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Commission proposes reducing fitness requirements for Guam law enforcers

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Three hours of testimony later and the results are in - it's not looking good for public safety on island if lawmakers don't step in to make a modifications to a Guam law that mandates a physical fitness standard for all peace officers.

Three years ago, hopes were high for setting a standard fitness level for all of Guam's peace officers. Then-chief of police Fred Bordallo said, "By having a physical fitness standard for not only the Guam Police Department, but all law enforcement agencies that are going to step to the plate, it's going to save some lives."

Fast forward to today, and it's evident - expectation was set way too high. Each agency reporting majority of their men and women unable to meet the minimum fitness standard that mirrors that of the U.S. Air Force.

Troy Pangelinan with the Judiciary said, "We currently risk losing 40% of our workforce if we were to implement the current standards and hold the marshals and probation officers accountable."  DOC warden Colonel Alan Borja added, "If we continue with the standard, we're looking at losing maybe 60-70% of our workforce."

Joseph Cruz, chief of GPD, commented, "The ramifications of this law, if we don't amend it is that up to 70% of the GPD will no longer go out there and be able to keep the public safe. That's what it's about. This is not about any of us per se. I want to make that clear. This is all about the people of Guam."

Although Speaker BJ Cruz sponsored the legislation nearly five years ago, he's pointing the blame at the POST Commission who picked the air force model as their standard. "I kept saying, 'Are you sure? Are you sure? Are you sure?' And that was almost five years ago."

The POST Commission's Dennis Santo Thomas stated, "Speaker Cruz, the commission takes full responsibility for the public law."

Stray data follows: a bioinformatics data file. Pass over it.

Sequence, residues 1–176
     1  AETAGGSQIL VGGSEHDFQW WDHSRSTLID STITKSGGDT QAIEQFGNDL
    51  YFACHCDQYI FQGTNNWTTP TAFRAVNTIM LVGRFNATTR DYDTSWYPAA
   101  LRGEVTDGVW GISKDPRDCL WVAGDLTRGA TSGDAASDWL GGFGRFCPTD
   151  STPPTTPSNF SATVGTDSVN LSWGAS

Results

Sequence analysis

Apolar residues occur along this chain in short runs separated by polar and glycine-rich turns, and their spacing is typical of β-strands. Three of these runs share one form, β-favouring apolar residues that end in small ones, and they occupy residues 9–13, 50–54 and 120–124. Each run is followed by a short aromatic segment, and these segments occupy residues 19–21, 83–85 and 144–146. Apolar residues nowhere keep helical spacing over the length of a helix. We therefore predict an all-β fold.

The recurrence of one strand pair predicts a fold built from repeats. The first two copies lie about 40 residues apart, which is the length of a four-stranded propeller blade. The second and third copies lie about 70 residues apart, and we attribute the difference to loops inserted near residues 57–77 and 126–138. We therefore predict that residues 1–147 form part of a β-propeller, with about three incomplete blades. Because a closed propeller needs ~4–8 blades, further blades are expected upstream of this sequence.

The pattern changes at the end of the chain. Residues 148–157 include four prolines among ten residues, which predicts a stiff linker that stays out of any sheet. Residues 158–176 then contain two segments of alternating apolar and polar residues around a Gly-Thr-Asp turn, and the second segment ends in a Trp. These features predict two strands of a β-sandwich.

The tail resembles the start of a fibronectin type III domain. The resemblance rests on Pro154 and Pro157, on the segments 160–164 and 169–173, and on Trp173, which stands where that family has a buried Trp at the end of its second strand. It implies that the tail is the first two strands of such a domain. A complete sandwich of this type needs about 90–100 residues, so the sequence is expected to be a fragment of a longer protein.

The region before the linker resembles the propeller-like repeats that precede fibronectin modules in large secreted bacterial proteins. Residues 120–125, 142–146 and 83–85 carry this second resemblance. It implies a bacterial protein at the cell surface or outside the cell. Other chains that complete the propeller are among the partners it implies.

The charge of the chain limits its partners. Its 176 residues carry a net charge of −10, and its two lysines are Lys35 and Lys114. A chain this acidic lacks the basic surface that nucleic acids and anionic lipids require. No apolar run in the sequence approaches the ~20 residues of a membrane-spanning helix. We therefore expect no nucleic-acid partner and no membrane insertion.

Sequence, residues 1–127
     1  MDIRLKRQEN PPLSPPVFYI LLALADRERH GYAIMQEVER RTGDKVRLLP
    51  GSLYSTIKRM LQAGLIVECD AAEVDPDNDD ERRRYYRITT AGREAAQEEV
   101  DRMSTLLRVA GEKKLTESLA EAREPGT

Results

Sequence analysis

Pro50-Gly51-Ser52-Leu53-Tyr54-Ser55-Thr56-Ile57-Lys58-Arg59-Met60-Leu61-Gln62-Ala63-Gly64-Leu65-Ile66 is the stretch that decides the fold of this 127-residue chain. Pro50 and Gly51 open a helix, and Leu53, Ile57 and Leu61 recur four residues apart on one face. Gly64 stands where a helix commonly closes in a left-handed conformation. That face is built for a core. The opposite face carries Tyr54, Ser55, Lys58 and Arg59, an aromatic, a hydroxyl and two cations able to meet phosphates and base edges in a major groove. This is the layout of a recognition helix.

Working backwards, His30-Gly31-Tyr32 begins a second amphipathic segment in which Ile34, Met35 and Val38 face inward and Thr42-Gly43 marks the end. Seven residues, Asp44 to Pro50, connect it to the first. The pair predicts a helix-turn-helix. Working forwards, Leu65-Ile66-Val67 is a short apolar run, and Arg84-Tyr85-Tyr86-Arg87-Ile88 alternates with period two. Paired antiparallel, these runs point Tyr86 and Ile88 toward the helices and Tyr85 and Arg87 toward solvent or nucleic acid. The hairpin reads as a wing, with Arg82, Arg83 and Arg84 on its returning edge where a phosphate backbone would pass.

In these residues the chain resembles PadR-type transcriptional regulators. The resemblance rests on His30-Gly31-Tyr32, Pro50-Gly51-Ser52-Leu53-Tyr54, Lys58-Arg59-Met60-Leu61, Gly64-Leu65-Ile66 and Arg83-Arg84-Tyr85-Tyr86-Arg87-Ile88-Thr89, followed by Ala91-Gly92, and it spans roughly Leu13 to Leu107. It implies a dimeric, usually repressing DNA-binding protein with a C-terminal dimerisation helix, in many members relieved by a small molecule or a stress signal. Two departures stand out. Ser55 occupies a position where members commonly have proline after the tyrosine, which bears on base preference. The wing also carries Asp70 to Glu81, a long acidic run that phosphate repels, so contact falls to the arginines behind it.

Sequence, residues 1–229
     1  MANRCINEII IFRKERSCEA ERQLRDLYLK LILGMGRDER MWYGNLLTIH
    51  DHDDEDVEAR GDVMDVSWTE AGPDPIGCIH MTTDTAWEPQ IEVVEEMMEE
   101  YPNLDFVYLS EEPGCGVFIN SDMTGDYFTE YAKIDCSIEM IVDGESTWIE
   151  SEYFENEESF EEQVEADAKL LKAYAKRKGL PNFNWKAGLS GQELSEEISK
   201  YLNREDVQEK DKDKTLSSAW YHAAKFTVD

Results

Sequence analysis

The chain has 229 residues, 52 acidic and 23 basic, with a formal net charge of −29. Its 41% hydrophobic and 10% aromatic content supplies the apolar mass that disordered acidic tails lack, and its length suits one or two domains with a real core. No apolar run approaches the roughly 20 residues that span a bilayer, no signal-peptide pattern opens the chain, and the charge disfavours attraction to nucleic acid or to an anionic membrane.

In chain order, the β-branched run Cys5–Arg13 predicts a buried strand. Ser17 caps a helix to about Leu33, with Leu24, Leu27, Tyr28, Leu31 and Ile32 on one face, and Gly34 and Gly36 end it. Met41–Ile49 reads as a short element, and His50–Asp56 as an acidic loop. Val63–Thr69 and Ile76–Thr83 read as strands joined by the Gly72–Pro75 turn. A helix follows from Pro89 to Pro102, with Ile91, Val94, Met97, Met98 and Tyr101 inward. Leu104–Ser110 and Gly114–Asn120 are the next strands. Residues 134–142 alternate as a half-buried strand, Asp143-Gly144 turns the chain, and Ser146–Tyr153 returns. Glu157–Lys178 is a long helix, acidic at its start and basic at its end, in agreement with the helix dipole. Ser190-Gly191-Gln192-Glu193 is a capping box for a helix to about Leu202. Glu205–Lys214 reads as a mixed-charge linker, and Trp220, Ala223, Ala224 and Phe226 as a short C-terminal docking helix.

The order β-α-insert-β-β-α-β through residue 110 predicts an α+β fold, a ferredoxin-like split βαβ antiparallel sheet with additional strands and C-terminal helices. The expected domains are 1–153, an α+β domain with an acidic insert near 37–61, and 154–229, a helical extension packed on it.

Bob Camacho, the airport police chief, said, "We had big dreams for sure and we were all motivated. I myself felt that I could pass this thing, then the run was difficult for me, too."

The fitness test includes pushups and situps, a timed 1.5-mile run, and a waist circumference measurement - all of which correspond to your age and gender.

Each agency reporting struggles in the run and waist sections.

Major Vincent Perez with Customs said, "If you don't pass the waist line, you've already failed. You have to pass the waistline. So people find it challenging, at least for the males right, 39-inches is the cutoff."

The POST Commission today proposed the fitness standards be modified to reduce the 1.5-mile run to a 1-mile run and to eliminate the waist-circumference measure all together. Their proposal also includes creating a research and development team to determine how best to proceed.

Chief Cruz concluded, "The last thing we're asking is an extension on the time because the current law does have a backstop date of December 30 of this year. That's why we propose the recommendations that we do. But make no mistake we are on board with the standard. We do understand the spirit and intent of the law."

To view today's informational briefing, visit the Guam Legislature's YouTube feed.

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